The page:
Say What? Listening Comprehension Progress Monitoring

Speech-language pathologists and educators know how important effective listening comprehension is for school and life success. Many children who have difficulty learning academic concepts and underlying language concepts struggle with listening comprehension. Active listening is an essential skill for children at school, home, and during everyday activities in their community. Often times, teachers notice when children are having a hard time listening, remembering details, and understanding what they are taught. The first thing to rule out or confirm is if children with suspected difficulty have hearing loss. After that, it is necessary to determine if children are having difficulty focusing and comprehending what is said, focusing only, or if they are focused but are still not comprehending what is said.

Children who have significant attention difficulties and truly have Attention Deficit Disorder (ADD) or Attention Deficit Hyperactivity Disorder (ADHD) may or may not also struggle with listening comprehension on a consistent basis. It will depend on if they have a system in place to manage their ADD/ADHD symptoms. Other children may be easily distracted or zone out in class due to medical needs (e.g. absence seizures) or social/emotional issues. It is important that service providers consider the possible reasons for a child’s behavior and academic performance. Other children may have difficulty with comprehending oral information because they don’t understand the vocabulary or are unable to make meaning of long sentences. Some children may also have difficulty with short term auditory memory and therefore struggle with remembering details during listening tasks.

In the school setting, speech-language pathologists are frequently asked to consult on cases when children are struggling to follow verbal directions and comprehend verbal information from their teachers. Listening is one of 4 overall components of essential literacy skills for school and life success. The other 3 areas are speaking, reading, and writing abilities. This is the reason why I decided to create a listening comprehension progress monitoring tool. Educators may use this informal assessment to evaluate children in preschool-5th grade. It will provide a quick overview of listening abilities of young children. Then teachers can select targeted intervention (RTI) to teach struggling students. Next they can monitor their progress by repeating relevant portions of the Listening Comprehension Progress Monitoring tool after children receive intervention for several weeks.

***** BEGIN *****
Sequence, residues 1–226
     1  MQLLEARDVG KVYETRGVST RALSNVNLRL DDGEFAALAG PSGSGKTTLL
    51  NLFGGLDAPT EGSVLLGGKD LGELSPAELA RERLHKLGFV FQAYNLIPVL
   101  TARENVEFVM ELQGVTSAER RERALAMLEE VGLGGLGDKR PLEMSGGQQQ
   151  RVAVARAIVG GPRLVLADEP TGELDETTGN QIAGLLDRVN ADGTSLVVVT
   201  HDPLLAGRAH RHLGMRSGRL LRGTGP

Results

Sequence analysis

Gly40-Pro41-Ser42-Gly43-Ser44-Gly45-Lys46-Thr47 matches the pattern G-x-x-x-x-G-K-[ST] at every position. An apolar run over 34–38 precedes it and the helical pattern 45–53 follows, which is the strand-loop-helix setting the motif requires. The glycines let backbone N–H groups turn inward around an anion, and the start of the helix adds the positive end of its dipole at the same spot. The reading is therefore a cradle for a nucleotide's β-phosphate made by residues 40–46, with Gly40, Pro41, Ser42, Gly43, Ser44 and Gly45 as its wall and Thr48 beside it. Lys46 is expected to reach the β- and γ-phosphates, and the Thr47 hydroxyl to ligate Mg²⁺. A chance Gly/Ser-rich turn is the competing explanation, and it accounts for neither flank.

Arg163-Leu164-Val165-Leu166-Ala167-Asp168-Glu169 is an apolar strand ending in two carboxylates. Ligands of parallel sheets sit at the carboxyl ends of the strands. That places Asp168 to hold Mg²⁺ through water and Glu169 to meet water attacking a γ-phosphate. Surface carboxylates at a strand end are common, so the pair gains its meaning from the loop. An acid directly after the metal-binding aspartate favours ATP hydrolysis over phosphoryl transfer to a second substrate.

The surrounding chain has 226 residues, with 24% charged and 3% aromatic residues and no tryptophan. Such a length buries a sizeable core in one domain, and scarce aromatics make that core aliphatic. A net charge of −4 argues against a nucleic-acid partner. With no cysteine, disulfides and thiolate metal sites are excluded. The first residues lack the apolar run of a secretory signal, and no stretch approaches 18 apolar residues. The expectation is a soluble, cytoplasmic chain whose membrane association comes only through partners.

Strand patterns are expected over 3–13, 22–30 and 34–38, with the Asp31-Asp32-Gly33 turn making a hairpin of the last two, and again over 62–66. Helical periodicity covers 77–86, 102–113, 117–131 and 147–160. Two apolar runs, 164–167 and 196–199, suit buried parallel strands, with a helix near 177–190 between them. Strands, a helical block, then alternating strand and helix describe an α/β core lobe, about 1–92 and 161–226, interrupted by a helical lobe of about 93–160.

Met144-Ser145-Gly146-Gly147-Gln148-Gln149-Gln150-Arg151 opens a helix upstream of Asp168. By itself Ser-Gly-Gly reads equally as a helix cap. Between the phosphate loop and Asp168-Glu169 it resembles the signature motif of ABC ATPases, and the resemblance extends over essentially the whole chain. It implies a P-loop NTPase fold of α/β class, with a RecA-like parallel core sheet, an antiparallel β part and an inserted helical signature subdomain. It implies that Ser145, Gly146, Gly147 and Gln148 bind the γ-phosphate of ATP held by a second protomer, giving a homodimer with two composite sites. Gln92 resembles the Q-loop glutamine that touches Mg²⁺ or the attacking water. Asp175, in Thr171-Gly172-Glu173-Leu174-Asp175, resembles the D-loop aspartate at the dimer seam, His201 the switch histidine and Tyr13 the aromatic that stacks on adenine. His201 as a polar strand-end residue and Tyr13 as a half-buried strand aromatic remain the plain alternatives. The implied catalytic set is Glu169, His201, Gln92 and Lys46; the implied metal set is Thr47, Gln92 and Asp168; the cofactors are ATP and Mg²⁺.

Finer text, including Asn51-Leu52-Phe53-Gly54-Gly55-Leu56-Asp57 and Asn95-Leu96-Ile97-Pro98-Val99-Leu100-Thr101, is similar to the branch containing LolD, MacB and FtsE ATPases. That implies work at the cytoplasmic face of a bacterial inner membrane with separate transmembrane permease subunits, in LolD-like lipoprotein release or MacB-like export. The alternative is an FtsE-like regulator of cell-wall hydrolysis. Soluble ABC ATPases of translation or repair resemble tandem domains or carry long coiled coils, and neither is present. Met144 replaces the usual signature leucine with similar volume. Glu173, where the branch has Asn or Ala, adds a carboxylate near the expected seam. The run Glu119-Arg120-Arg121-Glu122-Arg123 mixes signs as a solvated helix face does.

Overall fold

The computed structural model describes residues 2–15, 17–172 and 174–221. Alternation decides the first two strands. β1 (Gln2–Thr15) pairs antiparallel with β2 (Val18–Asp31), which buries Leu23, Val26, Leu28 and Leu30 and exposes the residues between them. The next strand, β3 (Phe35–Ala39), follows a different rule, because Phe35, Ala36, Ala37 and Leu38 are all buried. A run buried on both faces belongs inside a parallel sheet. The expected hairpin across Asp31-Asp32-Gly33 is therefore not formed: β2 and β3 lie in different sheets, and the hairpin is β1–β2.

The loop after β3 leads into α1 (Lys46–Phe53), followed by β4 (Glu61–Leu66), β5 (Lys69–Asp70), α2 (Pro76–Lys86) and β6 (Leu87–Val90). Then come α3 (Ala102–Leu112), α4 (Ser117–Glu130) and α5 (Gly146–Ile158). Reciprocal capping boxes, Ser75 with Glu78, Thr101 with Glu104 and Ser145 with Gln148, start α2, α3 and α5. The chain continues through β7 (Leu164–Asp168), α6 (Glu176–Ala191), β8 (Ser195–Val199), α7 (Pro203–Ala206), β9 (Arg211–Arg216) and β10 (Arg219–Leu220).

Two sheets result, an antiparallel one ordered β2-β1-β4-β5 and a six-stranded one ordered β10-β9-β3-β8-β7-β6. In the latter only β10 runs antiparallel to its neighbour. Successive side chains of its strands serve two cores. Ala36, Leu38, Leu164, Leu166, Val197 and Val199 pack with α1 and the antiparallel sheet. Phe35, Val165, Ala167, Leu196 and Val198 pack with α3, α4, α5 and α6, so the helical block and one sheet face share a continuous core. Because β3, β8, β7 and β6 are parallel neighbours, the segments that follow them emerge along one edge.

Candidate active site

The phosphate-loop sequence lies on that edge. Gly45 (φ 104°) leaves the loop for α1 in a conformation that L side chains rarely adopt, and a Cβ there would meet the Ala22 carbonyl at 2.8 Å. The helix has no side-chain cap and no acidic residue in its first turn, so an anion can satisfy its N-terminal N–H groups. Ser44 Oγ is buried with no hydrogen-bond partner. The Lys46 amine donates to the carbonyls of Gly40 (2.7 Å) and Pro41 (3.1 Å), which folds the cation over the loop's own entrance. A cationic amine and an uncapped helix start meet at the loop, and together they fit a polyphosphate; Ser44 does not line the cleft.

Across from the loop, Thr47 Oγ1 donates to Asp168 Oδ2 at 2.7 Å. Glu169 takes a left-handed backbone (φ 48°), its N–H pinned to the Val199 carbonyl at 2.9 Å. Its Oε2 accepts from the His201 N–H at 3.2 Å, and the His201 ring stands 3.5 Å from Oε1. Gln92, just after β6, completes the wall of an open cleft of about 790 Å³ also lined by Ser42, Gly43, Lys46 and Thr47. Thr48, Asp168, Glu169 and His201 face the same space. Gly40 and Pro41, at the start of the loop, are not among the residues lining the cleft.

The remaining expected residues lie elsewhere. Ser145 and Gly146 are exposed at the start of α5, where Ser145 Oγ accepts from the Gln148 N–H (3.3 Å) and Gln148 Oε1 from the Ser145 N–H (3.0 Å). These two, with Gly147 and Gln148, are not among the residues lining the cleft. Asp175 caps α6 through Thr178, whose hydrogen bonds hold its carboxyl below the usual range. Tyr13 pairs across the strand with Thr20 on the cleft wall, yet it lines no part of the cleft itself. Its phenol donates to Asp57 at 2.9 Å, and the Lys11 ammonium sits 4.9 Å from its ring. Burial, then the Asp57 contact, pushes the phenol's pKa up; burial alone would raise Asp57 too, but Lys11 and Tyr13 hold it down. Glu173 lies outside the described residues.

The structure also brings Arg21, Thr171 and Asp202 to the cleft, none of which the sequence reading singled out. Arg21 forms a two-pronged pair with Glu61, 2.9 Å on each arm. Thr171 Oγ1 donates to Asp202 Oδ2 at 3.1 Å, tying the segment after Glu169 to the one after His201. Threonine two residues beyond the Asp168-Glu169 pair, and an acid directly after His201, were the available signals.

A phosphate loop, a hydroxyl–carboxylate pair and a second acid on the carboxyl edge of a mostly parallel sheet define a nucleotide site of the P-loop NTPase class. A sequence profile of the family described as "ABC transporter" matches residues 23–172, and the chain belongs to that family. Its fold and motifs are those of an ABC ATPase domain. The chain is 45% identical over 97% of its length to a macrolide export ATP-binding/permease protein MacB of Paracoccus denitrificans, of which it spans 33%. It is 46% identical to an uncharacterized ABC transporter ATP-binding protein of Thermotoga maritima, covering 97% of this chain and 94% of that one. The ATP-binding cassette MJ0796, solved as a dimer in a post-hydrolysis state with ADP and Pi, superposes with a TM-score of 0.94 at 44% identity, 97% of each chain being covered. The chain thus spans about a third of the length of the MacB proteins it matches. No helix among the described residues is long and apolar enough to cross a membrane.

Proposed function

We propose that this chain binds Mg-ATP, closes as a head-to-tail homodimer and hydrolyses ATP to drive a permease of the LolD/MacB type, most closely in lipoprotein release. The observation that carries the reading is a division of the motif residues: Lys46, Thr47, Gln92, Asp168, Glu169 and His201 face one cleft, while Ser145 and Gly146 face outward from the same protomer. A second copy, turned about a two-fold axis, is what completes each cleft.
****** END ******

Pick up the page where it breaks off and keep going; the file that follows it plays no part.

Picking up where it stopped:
Similarly, speech-language pathologists can administer this tool to students already receiving speech-language therapy services. It can be given at the beginning of the school year for SLPs who work in the school system. It may also be given to children receiving private speech-language therapy services prior to receiving intervention in the area of listening comprehension. Use the portions of the Listening Comprehension Progress Monitoring tool that you determine is most appropriate for each student. There are basic 1 step directions, directions with embedded concepts (spatial, qualitative, quantitative, temporal, conditional), 1 sentence level questions, 3 sentence level questions, 5 fiction passages, and 5 non-fiction passages included in this product.

After several speech-language therapy or  teacher intervention sessions, read aloud the same sections previously administered in this informal assessment tool. Each part of this tool may be given 3 additional times to monitor children’s progress over an extended period of time. If you prefer, you can administer a different fiction and/or non-fiction passage from this tool to monitor students’ progress after receiving speech-language therapy or Response to Intervention (RTI).

I recommend that you note observations and background information on this tool to help rule out and/or confirm potential related contributing factors to listening comprehension difficulty. Remember to note:

1) Hearing- within normal limits or not within normal limits (failed hearing screening, conductive hearing loss, sensorineural hearing loss)

2) Medical concerns- per parent report/file review (e.g. absence seizures, etc.)

3)Possible short term auditory memory difficulties- due to no response or incorrect responses to verbal instructions

3) Behavioral signs- distracted, appears to day dream, says “what” frequently, blank stare, appears frustrated, presents as lacking confidence, inattentive

You can see a preview of this product and gain direct access to this digital download in my TPT curriculum store.

If an SLP or teacher thinks certain children may have short term auditory memory weakness, they should receive an informal evaluation and RTI in that area. HearBuilder has a web based intervention program for auditory memory that may be beneficial to remediate children’s weak skills. It is also available as an app in the iTunes store. Private practice speech-language pathologists can also target remediating auditory memory difficulties as well.

If you have any questions or concerns about children with listening comprehension difficulties or with this tool, you may leave me a comment below or contact me here.

 

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